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Movie Review: ‘A Piece of Sky’ is a Beautiful Depiction of Illness Affecting Relationships

Movie Review: ‘A Piece of Sky’ is a Beautiful Depiction of Illness Affecting Relationships

Director: Michael Koch

Writers: Nadja Dumouchel and Michael Koch

Stars: Simon Wisler, Elin Zgraggen, and Michèle Brand

Synopsis: In a remote mountain village, Anna tries to preserve her young love for Marco, against all odds.

Since 2012, every film that tackles mental illness and the slow deterioration of the mind when aging is being deducted into an “answer” to Michael Haneke’s stunning and heartbreaking masterwork, Amour. Sure, they may (or may not) have been inspired by Haneke to tell their own stories. Still, most of them are pretty different from each other. Earlier this year, we saw Gaspar Noé tackling dementia in Vortex, his most approachable yet disconsolate film to date, via a split-screen cinematic dynamic, in which it followed the leads like intruding ghosts. It created a haunting sensation from beginning to end, getting the sensations of a horror film, but its scares came from a grounded place rather than supernatural endeavors. Making its festival runs is Mia Hansen-Løve’s latest feature, One Fine Morning – a film that delicately explores how a daughter copes with the neurological disease her father is going through. Both of these films may have minor similarities, but they are entirely different in most facets. Within that distinctive note arrives a new film by Swiss filmmaker and screenwriter Michael Koch, A Piece of Sky – Switzerland’s pick to represent them at this year’s Oscars. 

The only similarity that Koch’s work has with Haneke’s is the contemplative and slow-paced approach to tackling the debilitation caused by the illness, which forces a spouse to become a caretaker for the sick. The rest is infused by the stylistic techniques he has implemented throughout his career and some twists of its own. In the case of A Piece of Sky, the genders are swapped; the woman is playing the role of the caretaker while the patient is a grizzly farm worker. The second “twist” in its narrative, compared to Amour, is that it is focused on younger people. The age difference between the two films is vast, creating different dynamics within the central relationship of wife and husband, caretaker and patient. What Koch wants to explore is how to deal with such an illness and the tragic essence of saying goodbye to a life that’s starting to bloom. Beauty and tragedy are intertwined through the Swiss mountains and landscapes – quietness drenches the screen in solemn dread, immersing the viewers in the story’s emotional hymns. 

A Piece of Sky begins with a classical sense of romance between a farm worker, Marco (Simon Wisler), and a barmaid, Anna (Michèle Brand) – two people falling in love through a meet-cute procedure which we have seen before. From the start, there’s a sense that damnation will rain over the fairy-tale-like lover’s parade. Everything seems like it is running its course toward tragedy, even in its romance scenes. During their wedding, Marco begins to experience a severe headache, which causes him to throw up and lose his balance. It appears that he has developed a brain tumor, and surgery is needed immediately. Initially, Marco continues his daily life as usual – working hard as he tends to do. However, when his condition worsens (to the point where he can’t even stand up), Anna tries to care for his loved one. The relationship between Anna and Marco often reminds you of Bess McNeill and Jan Nyman in Lars von Trier’s Breaking the Waves. Their devotion to one another is always present in both scenes of affection and heartache, but Anna isn’t searching for a higher presence to help heal her loved one, unlike Bess.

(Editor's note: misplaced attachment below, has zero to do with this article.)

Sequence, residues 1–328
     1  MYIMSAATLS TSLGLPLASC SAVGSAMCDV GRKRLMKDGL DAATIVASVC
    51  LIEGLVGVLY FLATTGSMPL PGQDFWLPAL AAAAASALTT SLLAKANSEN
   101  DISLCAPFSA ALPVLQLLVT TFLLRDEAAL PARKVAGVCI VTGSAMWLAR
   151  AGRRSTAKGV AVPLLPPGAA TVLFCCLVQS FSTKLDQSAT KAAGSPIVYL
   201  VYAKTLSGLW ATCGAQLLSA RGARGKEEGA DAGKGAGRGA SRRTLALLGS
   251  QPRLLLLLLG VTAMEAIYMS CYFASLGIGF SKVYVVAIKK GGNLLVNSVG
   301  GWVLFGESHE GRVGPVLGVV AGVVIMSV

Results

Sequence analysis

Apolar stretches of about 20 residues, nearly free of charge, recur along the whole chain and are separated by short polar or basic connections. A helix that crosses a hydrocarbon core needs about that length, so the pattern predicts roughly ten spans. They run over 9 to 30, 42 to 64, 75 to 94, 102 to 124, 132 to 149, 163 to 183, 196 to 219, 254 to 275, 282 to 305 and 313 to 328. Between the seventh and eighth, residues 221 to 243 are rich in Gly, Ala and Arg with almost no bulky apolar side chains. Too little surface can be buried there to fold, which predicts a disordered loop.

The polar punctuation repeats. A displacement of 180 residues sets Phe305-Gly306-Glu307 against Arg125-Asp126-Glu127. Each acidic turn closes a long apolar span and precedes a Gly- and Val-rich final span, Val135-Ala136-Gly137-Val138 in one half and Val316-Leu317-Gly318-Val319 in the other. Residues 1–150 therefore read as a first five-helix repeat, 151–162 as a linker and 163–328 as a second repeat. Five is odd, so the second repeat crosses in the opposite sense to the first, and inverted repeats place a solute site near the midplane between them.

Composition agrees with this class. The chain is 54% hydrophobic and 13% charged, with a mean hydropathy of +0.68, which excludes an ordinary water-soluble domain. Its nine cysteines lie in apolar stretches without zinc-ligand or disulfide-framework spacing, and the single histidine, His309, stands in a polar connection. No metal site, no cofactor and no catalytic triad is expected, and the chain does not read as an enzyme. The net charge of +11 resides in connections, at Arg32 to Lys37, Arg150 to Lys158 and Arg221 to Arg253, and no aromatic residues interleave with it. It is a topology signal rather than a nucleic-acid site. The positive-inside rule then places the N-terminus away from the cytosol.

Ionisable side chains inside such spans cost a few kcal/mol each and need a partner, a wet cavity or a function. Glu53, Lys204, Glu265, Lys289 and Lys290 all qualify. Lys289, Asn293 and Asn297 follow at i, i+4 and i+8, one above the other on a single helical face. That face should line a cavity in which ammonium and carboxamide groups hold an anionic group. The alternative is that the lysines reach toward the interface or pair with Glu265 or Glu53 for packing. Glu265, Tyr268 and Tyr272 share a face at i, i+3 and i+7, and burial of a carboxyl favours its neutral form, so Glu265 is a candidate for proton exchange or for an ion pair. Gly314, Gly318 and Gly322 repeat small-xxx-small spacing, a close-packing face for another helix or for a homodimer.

Religion isn’t a critical factor in A Piece of Sky, unlike Breaking the Waves, but a fantasy-esque element serves as a chapter introduction and curtain closer. During the closure of each stage in Marco’s illness (as his state worsens quickly), immediately following, there’s a scene where a choir sings about grief, death, the beauty of the past, and love. This could be interpreted as Koch’s rendition of the chiming bells in von Trier’s acclaimed work, a gateway into another realm where people can finally find peace. Both films contain a mysticality of some sort. While Lars von Trier intertwined his with religion and a higher presence, Koch and cinematographer Armin Dierolf let the camera linger for quite a long time – letting the audience bask in the dread-induced, yet ravishing, atmosphere. It takes its time to settle into this captivating eeriness, hence the slow pacing and stillness, yet it comes with a purpose. The pensive nature allows Koch to play with the film’s structure, creating a division between the story’s dramatic trappings and the daydreaming rhapsodies. 

One thing that holds A Piece of Sky back from being a great film about illness fracturing a freshly blooming relationship is its sense of miserablism. Of course, it is hard to capture such a topic and add moments of happiness to it because there’s no delight in the minds of those affected and the people surrounding them. However, it gets to the point where it stops being emotionally impacting. Nevertheless, it is effective because of Koch’s stylistic decisions and the performances, especially Michèle Brand (who will break one’s heart with just her eyes). Still, to a certain point, the narrative isn’t moving you as it could. Nonetheless, A Piece of Sky makes you contemplate the realization of life and our minds. 

 

Grade: B

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